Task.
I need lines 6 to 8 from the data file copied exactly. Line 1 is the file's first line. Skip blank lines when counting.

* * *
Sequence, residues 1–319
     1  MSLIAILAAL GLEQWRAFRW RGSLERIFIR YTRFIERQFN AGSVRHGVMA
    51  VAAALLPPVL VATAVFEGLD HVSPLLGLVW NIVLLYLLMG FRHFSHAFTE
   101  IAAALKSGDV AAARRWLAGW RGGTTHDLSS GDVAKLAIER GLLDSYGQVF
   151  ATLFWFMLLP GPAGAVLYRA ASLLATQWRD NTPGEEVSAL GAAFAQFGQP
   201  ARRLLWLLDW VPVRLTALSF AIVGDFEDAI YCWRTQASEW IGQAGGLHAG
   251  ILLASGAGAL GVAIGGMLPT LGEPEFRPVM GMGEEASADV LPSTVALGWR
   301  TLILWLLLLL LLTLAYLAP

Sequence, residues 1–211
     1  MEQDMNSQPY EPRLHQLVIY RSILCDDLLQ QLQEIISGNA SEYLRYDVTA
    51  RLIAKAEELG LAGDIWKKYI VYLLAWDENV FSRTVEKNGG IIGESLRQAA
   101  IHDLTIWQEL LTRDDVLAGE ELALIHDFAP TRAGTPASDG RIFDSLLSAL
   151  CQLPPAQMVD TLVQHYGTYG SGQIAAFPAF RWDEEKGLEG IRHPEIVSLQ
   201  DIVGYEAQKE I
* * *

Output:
   201  ARRLLWLLDW VPVRLTALSF AIVGDFEDAI YCWRTQASEW IGQAGGLHAG
   251  ILLASGAGAL GVAIGGMLPT LGEPEFRPVM GMGEEASADV LPSTVALGWR
   301  TLILWLLLLL LLTLAYLAP